"Hellraiser" isn't just a great horror film, it's also a source for some truly wicked Halloween costume ideas. Either way, it makes for essential re-watching every fall.
'Child's Play' (1988)
If you need a Halloween movie that's equal parts, scary, silly and gory, why not watch Chucky's first murder spree? Not only will it entertain, it'll have you questioning whether there are any dolls in the house giving you funny looks.
'The Nightmare Before Christmas' (1993)
This gorgeous animated film might be the only Halloween movie that can also get you prepared for the coming Christmas season. It's very efficient that way. 
'From Dusk Till Dawn' (1996)
It may not seem at first like "From Dusk Till Dawn" is a proper Halloween movie. But midway through, the film very suddenly and gleefully shifts gears and morphs into a violent vampire adventure. 
'Scream' (1996)
Those who thought Wes Craven had peaked with "Nightmare on Elm Street" were proven very wrong with this 1996 hit, which birthed an entirely new horror franchise. The first meta entry stands out because it's not just scary, it's also a clever send-up of the genre.
'I Know What You Did Last Summer' (1997)
Predictably, "Scream" inspired a legion of imitators in the late '90s as everyone tried to hop on the teen slasher movie bandwagon. But where most of those movies have been forgotten by time, "I Know What You Did Last Summer" still deserves a spot in your Halloween lineup.
'Sleepy Hollow' (1999)
Good Halloween movies aren't just about providing scares, but also about helping you get into the mood of the season. And few films are as helpful in that regard as Tim Burton's quirky, haunting take on the beloved Washington Irving story.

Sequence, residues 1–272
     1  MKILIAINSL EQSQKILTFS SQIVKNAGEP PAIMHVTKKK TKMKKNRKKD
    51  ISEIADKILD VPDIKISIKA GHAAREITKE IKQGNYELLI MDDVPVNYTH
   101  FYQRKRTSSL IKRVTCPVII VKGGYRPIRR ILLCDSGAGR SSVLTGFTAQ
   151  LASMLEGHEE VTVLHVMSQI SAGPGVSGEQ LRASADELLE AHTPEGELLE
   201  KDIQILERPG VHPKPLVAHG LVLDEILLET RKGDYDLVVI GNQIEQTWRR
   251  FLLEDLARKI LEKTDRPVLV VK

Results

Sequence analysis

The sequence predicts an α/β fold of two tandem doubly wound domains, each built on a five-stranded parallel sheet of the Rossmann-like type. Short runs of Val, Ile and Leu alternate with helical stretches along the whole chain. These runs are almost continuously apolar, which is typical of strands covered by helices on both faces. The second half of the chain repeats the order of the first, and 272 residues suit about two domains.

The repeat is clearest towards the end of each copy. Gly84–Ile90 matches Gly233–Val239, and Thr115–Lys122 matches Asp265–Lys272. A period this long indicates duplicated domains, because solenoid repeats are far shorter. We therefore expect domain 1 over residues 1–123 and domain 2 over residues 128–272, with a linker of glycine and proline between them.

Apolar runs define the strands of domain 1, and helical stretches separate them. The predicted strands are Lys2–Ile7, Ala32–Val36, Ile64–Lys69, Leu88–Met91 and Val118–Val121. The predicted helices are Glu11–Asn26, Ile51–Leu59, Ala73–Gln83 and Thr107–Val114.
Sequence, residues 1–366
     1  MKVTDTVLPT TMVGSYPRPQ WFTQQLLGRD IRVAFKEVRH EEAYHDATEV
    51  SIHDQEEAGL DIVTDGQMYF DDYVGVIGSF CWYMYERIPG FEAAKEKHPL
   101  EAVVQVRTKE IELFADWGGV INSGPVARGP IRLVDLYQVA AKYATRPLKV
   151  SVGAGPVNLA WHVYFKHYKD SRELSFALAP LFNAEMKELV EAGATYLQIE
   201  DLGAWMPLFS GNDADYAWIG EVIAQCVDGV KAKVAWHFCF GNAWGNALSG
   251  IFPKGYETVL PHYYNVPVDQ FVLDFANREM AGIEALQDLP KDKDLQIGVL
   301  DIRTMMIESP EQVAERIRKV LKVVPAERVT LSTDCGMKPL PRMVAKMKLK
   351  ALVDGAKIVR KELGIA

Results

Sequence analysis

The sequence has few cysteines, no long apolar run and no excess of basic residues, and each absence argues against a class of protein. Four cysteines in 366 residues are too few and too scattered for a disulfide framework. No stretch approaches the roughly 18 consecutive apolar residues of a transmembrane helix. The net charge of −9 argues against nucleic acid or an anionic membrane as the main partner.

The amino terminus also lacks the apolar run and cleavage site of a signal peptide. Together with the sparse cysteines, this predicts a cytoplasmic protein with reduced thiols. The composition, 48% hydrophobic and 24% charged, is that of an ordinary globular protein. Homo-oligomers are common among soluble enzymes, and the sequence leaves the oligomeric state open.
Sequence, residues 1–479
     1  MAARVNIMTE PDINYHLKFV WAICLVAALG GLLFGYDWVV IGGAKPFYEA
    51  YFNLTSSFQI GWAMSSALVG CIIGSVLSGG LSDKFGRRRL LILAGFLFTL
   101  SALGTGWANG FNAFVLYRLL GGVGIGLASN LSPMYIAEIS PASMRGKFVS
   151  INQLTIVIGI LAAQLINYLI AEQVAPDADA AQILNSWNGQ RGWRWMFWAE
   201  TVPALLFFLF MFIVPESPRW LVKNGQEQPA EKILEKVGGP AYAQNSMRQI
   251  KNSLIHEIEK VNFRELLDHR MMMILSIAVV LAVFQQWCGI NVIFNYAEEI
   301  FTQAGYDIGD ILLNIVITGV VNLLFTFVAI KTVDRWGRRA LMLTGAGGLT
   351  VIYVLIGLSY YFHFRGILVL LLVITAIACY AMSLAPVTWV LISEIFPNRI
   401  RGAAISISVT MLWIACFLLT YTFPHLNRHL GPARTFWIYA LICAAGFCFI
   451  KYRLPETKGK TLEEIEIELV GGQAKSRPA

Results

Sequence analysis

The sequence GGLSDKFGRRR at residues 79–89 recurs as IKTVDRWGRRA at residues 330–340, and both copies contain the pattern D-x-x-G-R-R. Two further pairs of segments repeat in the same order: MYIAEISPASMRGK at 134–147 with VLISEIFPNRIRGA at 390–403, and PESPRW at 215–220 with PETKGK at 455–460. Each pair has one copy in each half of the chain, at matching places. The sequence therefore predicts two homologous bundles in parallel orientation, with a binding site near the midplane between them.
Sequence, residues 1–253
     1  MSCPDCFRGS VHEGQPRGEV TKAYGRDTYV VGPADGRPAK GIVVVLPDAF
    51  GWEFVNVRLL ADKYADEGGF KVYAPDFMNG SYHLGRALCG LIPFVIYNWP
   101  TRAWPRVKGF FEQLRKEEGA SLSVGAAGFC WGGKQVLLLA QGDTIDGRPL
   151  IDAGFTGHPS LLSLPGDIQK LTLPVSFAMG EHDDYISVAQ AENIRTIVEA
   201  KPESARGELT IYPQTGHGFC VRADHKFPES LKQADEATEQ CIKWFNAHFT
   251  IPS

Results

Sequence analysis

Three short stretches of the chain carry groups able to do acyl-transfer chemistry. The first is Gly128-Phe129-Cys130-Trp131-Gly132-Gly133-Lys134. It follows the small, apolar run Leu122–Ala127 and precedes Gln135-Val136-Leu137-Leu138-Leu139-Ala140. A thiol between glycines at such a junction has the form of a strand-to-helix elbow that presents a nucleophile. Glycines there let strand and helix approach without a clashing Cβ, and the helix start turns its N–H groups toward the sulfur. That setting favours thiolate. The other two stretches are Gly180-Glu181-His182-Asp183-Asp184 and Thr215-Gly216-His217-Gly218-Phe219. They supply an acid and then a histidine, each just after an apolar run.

'Session 9' (2001)
"Session 9" isn't one of the more well-known films on this list, but it's one every horror fanatic needs to see. It offers a psychologically unnerving look at a group of contractors cleaning out an abandoned mental asylum. Naturally, things don't go well.
'The Ring' (2002)
Hollywood rarely does justice to foreign horror films, but "The Ring" is one notable exception. Make re-watching this remake an annual habit, if only to remind yourself why it's a good thing that no one uses VHS tapes anymore.
'Dawn of the Dead' (2004)
Zack Snyder's "Dawn of the Dead" remake didn't try to outclass the original, instead opting for a more straightforward and terrifying approach to zombies. Snyder reminded us that the only thing worse than a zombie is a zombie who can run.
'Trick 'r Treat' (2007)
"Trick 'r Treat" might just be the ideal Halloween movie. It pays homage to the classics of yesteryear even as it delivers four spine-tingling stories that form one wholesome anthology movie.
'Paranormal Activity' (2009)
The "Paranormal Activity" franchise might have worn out its welcome over the years, but nothing can take away from the original. It'll make you fear every random noise in your own house. You will also never want to sleep with your foot outside the covers again.
'The Cabin in the Woods' (2012)
"The Cabin in the Woods" isn't just a great throwback to "The Evil Dead," it pays homage to pretty much classic horror film along the way. It's also a great crowd-pleaser that seeks to entertain more than outright terrify by subverting the genre.
'The Babadook' (2014)
Great horror movies are hard to come by these days, which is why everyone flocked to this 2014 Australian gem. "The Babadook" is plenty creepy, but it works mainly because it's such an effective allegory for grief and motherhood. In other words, it's a horror film with a brain.